Hunter shot to death near Powerview
- Hunter shot to death near Powerview
By: Kevin Rollason
7/01/2010 6:00 PM
Four children have been left without a father after a Sagkeeng First Nation man died when he was shot while hunting in darkness early Thursday.
Jason Guimond, 35, was hunting on Crown land near Happy Lake Road about 45 kilometres north of Powerview when he was fatally shot at about 2:30 a.m.
RCMP continue to investigate the shooting, but Guimond's mother, Leona Bacon, said she has been told her son was shot by one of the members of the hunting party.
"His best friend did that," Bacon said.
"I always told him to be careful in the bush."
Bacon said she last spoke with her son by telephone on Christmas.
"He said he loved me - he always told me 'I love you'."
Bacon said her son's four children are all 17 years of age and under.
She said her son also has one grandchild.
Guimond is also survived by his wife, Carmen, four stepchildren, two brothers and a sister.
RCMP spokeswoman Sgt. Line Karpish said officers are investigating the shooting, but not the hunting in the middle of the night on Crown land.
"This is a situation where the hunting, despite the time of day, was legal," Karpish said.
"A First Nations hunter can hunt any time they want. It's one of their hunting rights."
But Karpish said those rights don't include the careless shooting.
"No matter what the treaty rights, you have to remember, everybody is accountable when you fire a firearm," she said.
"They need to know what they're shooting at."
Rob Dean, Manitoba Conservation's assistant director of the regional operations division, said what's legal for aboriginal hunters would be illegal for regulated licenced hunters in the province.
"You can hunt a half hour before sunrise and a half hour after sunset," Dean said.
"At other times, it is too dark."
Dean said during daylight hours "there's enough light to determine what your target is.
"Mistakes can happen and this shows what can happen."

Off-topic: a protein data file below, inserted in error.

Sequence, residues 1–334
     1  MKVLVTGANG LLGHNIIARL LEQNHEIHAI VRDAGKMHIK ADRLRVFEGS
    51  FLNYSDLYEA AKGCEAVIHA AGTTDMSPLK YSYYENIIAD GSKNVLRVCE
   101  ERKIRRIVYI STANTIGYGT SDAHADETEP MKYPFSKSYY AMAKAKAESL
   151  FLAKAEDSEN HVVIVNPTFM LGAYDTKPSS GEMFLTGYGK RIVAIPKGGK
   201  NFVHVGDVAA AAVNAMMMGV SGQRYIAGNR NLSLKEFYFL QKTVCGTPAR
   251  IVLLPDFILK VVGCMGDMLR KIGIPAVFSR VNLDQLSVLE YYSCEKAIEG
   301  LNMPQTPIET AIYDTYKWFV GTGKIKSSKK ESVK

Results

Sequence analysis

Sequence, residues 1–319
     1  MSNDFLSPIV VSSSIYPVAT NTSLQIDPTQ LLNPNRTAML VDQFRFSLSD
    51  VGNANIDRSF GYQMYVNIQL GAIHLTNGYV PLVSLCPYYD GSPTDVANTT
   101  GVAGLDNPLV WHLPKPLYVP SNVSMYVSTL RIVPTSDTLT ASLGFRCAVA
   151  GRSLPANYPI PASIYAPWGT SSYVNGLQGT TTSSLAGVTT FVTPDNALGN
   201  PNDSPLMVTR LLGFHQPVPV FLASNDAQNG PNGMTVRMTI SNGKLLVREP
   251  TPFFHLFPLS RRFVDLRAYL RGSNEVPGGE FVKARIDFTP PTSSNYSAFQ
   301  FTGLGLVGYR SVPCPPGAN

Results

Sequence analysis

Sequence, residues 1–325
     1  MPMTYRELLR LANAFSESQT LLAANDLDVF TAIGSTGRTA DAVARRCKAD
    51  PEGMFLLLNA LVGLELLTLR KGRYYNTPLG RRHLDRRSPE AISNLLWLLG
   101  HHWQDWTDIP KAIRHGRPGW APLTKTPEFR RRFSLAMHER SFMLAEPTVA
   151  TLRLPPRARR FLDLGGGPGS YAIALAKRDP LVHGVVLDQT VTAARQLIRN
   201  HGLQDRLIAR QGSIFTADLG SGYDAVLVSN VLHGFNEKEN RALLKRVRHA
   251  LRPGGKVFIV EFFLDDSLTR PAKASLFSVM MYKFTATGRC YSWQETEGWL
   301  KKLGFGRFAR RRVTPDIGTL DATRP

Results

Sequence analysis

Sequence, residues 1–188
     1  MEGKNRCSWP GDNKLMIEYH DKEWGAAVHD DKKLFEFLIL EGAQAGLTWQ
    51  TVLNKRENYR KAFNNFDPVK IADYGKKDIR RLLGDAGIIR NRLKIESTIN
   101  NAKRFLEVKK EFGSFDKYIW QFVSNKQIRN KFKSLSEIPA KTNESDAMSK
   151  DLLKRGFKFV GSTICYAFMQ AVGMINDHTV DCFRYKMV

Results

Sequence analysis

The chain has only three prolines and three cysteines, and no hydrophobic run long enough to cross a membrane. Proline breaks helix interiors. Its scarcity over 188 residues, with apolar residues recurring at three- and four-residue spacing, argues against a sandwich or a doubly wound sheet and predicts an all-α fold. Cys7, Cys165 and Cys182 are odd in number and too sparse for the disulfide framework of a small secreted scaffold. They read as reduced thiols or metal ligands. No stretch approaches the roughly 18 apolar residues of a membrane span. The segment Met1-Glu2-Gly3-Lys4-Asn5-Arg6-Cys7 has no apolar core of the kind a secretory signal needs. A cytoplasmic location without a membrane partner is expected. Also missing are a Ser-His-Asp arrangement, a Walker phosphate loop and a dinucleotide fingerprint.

Karpish said the area residents were hunting on unorganized territory designated Crown land near Happy Lake Road when the shooting occurred.
Powerview detachment and RCMP Winnipeg Forensic Identification Services are investigating. An autopsy is being scheduled at the Health Sciences Centre.
Bacon, who lives in Pine Falls, said her son loved hunting and fishing.
"He would go out hunting with his uncle Gabe and his other uncle Dennis," she said.
"He went hunting to feed his family and to feed the reserve. He loved fishing in the summer. He was an outdoor person."
But Bacon said her son was also an artist and had works on display at the reserve.
"He has murals at the Sagkeeng High School and he did a house mural with an eagle."
Sagkeeng Chief Donovan Fontaine said he knew Guimond, who did seasonal work on the reserve.
"He was a nice man," Fontaine said.
"He was a family man. This is just a tragic hunting accident - that's all we know.
"He'll be really missed by this community."
Fontaine said RCMP haven't shared any details of their investigation with him yet.
Sagkeeng, with a population of more than 5,000, is located about 145 kilometres northeast of Winnipeg. Powerview and Pine Falls are communities next to Sagkeeng.
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